Our Projects

Heat Exchanger Consolidation

One of the world’s largest pharmaceutical companies had a problem. Four steam-to-hot-water heat exchanges serving four dissimilar heating-hot-water systems were reaching the end of their serviceable lives. The four distribution systems had vastly different system curves, hydronic characteristics, and serviced different end-uses. Testing showed that significant changes to the operating pressures of these four systems resulted in leaks, so whatever the solution was, the distribution systems couldn’t be affected. With four old heat exchangers in the same room needing replacement, the pharma wanted the highest value solution and that is what Enica delivered. The solution tied the four hydronic systems into one skid-mounted hot water HX with a custom distribution manifold designed to maintain independent pressure control on each of the four heating loops.  

On the hydronic side we implemented a method of cascade pressure control. Each control valve among the four manifold branches maintains remote differential pressure to its individual loop. The pump speed is controlled to keep one valve nearly 100% open at all times. This approach allowed the system to maintain independent pressure control while increasing the performance and stability of the system, all with one heat exchanger and one pump set. Consolidating the heat exchangers achieved the lowest first cost and a significantly lower maintenance burden. The cascade pressure reset ensured the lowest possible pump energy use.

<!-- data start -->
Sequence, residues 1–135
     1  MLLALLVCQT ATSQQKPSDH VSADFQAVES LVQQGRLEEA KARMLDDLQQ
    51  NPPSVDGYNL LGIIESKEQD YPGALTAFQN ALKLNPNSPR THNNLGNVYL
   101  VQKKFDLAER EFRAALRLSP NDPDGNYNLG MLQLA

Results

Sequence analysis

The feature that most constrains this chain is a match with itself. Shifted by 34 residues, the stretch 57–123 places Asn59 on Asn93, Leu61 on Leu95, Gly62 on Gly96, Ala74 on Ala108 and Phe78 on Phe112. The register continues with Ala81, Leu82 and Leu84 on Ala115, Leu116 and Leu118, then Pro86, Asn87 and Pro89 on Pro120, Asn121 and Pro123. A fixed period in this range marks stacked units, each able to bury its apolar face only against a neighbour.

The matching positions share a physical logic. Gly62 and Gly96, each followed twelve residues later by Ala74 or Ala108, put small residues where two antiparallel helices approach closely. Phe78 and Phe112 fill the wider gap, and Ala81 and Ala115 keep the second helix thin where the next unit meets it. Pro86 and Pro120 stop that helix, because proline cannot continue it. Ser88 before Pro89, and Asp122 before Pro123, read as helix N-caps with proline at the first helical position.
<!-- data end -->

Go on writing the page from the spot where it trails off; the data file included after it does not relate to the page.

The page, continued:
Steam control presented its own challenges. The required annual steam control range is considerable, and we did not want a 1/3 – 2/3 control arrangement because we, as an industry, simply don’t need this type of complexity and cost given technology available today. Our solution was to install a single characterized ball valve to avoid unnecessary mechanical cost, control complexity, maintenance burden, and steam leak-by which globe valves are notorious for. By modeling the range of flow and expected thermal lag, we were able to match an equal-percentage valve characteristic to the thermodynamic performance of the heat exchanger to achieve a nearly perfect linear relationship between valve position and thermal output. This made for an easy-to-tune control valve PID as well.

The project was a complete success, achieving a simplified working solution, out-of-the box optimized control, a near-zero maintenance requirement, and doing all of this within a shutdown window shorter than a morning commute.

In this example our customer has already forgotten about the system… because it works!